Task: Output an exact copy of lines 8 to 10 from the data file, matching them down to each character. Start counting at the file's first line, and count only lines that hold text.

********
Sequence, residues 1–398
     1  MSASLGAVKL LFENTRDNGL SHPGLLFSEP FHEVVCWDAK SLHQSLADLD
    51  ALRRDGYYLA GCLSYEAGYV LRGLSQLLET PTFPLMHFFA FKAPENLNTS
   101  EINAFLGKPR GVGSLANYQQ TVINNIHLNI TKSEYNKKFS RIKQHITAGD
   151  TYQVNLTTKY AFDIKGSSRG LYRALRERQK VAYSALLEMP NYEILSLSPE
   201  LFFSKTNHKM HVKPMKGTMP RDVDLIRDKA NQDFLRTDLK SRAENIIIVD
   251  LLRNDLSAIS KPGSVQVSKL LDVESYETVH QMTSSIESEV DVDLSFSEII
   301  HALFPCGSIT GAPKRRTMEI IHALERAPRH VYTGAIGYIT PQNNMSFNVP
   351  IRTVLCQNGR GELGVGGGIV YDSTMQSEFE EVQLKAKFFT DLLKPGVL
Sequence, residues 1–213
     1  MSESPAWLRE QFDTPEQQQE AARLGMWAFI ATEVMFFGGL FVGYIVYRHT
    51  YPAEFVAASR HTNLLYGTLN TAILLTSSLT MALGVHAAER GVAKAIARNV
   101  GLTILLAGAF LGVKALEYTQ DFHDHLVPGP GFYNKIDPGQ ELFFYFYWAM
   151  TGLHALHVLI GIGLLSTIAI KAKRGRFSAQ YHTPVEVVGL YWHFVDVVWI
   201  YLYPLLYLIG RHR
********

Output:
   301  HALFPCGSIT GAPKRRTMEI IHALERAPRH VYTGAIGYIT PQNNMSFNVP
   351  IRTVLCQNGR GELGVGGGIV YDSTMQSEFE EVQLKAKFFT DLLKPGVL
Sequence, residues 1–213